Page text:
” ALPHONSE I I .”
SOME of the readers of MOTOR SPORT who are of fairly long standing may remember an effusion which once appeared in these pages entitled “Alphonse.” For the benefit of those who do not, however, I may remark that the screed in question disclosed various curious details of the later life history of a Hispano-Suiza car which
first saw the light of day in 1912, and I would add that since the appearance of the said chronicle, various people have expressed a desire to be instructed of the yet later history of the afore-mentioned Alphonse, who, reading between the lines, they suspected of approaching the end of his allotted span. In this suspicion they were, I may as well admit at once, remarkably justified. The former chronicles of Alphonse ended in their descriptions of that noble automobile in the Spring of 1928, and during the following summer the motor beto of distinct
gan senile decay. The steering, once the joy of Zucarelli and others, tended to take on that character of approximateness typical of certain Transatlantic cars, and although I must admit that gradual acclimatisation made me fail to notice its imperfections, I found a growing reluctance on the part of my friends and acquaintances to accompany me on automobile expeditions. Then again the clutch, which knowledgible people are apt to describe as the Achilles heel of the HispanoSuiza, began to assume a certain fierceness which made it impossible for anyone who had not given the matter some years of careful and practical study, to move the car off at all. The universal joints also had somewhat overstepped the limits of universality originally assigned to them by their designer, and gave a considerable freedom of movement in a rotary direction to the engine relative to the back-axle, which I may add could ascribe its origin more to London than to Bois-Colombes, being more Baximar than Hispano-Suiza. Lastly, Alphonse’s consumption of spring leaves finally decided the village garage that its 1910 Renault laudaulet must be taken off the road in order to meet the demands on its suspension system made by its younger compatriot. In short, while Alphonse’s engine still pulsated with life and power, his chassis was dead. In these circumstances there were only two alternatives, either to transfer Alphonse’s engine to another chassis, a probably costly, and almost certainly unsatisfactory proceeding, or to transfer it to some other sphere of operations—to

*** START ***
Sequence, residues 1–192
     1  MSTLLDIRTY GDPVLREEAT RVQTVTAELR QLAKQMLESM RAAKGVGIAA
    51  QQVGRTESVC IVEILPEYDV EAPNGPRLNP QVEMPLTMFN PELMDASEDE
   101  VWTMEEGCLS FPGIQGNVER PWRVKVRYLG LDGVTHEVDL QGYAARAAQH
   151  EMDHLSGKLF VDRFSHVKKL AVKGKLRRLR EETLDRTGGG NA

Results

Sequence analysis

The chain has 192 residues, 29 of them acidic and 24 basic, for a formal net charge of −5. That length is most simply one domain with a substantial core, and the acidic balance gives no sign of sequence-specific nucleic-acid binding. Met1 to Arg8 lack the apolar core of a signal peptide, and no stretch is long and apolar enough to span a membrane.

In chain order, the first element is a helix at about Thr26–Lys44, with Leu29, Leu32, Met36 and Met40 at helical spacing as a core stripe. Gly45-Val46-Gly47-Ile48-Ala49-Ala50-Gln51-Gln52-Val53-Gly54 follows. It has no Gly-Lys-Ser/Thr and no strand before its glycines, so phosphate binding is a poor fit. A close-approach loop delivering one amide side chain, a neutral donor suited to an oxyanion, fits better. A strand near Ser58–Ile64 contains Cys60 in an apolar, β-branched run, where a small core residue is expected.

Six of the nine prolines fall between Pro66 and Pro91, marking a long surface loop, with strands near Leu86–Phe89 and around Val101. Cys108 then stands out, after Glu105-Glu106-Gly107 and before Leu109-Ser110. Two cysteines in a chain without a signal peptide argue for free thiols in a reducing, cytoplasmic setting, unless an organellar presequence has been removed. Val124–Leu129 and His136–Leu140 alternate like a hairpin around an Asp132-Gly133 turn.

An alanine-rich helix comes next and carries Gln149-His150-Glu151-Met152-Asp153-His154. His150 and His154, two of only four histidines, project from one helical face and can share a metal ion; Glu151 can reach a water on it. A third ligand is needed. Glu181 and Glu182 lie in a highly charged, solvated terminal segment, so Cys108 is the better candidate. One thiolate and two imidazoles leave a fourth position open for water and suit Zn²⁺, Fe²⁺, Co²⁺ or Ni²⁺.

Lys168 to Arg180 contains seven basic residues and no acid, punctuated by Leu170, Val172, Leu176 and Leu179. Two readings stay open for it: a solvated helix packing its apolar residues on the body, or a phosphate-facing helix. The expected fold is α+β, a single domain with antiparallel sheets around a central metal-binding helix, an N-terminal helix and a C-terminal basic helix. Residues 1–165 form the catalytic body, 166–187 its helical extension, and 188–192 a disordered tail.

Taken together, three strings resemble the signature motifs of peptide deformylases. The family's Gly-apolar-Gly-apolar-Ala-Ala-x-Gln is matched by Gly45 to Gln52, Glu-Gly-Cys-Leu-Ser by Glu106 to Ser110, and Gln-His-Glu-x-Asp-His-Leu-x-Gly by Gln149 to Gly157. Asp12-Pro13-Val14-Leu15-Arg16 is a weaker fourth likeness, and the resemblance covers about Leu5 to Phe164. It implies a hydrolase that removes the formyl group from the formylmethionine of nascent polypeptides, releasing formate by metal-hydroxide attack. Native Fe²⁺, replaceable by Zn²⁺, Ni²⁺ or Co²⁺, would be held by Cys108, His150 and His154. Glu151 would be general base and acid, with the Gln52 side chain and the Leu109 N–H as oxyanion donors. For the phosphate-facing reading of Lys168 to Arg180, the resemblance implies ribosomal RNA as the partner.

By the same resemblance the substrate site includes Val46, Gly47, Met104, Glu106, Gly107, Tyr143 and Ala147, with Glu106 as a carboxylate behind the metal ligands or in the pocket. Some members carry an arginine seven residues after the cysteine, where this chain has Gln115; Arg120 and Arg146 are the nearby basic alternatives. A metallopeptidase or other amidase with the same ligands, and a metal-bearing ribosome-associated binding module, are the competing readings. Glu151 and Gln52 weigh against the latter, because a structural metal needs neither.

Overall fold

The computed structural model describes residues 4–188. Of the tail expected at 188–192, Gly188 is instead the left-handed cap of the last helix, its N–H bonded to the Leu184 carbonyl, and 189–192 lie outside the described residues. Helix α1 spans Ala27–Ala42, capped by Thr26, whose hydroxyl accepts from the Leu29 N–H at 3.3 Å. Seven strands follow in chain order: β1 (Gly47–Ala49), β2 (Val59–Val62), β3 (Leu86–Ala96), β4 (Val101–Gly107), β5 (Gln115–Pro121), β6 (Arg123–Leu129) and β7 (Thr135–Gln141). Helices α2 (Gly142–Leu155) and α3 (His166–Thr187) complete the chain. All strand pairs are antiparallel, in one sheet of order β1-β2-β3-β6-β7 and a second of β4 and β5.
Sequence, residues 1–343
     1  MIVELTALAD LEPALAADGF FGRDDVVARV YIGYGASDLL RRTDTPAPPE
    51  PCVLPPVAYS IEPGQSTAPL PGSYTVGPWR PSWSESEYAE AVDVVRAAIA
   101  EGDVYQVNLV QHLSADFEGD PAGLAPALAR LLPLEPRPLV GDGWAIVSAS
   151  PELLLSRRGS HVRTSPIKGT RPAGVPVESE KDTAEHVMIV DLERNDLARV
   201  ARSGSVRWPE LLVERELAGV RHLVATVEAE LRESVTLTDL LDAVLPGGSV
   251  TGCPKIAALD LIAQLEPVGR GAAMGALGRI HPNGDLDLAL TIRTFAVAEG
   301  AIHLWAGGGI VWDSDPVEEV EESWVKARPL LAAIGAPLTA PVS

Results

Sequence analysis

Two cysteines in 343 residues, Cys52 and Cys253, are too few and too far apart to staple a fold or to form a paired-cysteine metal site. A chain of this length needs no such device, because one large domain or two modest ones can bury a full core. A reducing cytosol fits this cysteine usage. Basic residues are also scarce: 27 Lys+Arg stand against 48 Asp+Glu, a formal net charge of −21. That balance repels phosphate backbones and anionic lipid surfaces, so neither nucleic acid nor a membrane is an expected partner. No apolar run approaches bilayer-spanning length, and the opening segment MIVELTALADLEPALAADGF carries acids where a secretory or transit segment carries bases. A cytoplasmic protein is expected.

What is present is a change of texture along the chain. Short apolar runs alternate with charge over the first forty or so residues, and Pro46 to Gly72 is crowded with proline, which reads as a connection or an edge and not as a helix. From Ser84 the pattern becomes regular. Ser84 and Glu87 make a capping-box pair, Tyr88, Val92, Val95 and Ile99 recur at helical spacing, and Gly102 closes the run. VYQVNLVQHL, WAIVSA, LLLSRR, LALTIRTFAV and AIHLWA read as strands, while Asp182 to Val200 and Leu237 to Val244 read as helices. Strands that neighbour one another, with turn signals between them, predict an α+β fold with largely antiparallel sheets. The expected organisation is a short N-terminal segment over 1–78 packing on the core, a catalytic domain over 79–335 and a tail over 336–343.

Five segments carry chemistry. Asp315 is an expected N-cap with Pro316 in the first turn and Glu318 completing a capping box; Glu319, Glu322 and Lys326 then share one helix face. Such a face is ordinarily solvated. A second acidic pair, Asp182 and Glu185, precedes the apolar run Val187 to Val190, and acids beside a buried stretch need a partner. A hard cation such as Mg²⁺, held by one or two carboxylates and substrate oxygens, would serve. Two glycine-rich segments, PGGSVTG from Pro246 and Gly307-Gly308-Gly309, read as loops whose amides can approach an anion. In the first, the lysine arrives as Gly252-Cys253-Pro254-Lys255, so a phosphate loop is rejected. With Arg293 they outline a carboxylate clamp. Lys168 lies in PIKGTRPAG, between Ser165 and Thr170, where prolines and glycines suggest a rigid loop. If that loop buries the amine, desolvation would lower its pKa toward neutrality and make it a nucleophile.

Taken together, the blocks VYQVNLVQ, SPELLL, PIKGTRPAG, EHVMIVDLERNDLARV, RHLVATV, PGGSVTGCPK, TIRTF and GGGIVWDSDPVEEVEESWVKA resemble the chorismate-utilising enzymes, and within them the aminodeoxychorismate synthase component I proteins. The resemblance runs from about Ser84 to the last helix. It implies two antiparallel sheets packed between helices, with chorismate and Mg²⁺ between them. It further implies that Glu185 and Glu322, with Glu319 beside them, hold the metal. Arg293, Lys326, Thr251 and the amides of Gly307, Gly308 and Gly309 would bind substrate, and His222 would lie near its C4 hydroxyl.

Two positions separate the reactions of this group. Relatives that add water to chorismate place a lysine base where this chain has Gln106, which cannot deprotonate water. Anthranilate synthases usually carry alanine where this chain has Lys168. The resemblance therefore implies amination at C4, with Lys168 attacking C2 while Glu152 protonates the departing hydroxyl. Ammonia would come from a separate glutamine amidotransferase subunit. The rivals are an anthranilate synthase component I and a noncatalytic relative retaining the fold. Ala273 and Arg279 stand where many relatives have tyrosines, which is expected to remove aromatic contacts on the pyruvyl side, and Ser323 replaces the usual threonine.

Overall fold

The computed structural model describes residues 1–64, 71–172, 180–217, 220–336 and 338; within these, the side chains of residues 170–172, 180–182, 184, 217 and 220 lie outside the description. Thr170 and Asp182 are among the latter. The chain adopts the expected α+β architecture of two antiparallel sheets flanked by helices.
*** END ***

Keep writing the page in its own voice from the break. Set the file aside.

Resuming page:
wit a boat. At any rate I finally decided upon the latter plan, and set about putting it into operation. With a view to constructing the most inspiring motor boat possible, I spent the greater part of the following winter looking around for a motorless hydroplane hull, but in spite of a protracted search, which led me into innumerable boat-yards on the lower Thames and Southampton Water, I signally failed to find anyone who was prepared to sell me a hull of this type for the entirely inadequate sum I was prepared to offer. In these circumstances I decided that I should have to fall back on a displacement boat, and finally in the neighbourhood of Southampton I came upon a hull, innocent of engine, but equipped with bearers, a reverse gear of imposing proportions and adequate propeller shafting. This boat had, I suspect, originally been a launch attached to some magnificent yacht,
and at any rate it possessed quite pleasing lines, and was notably well built.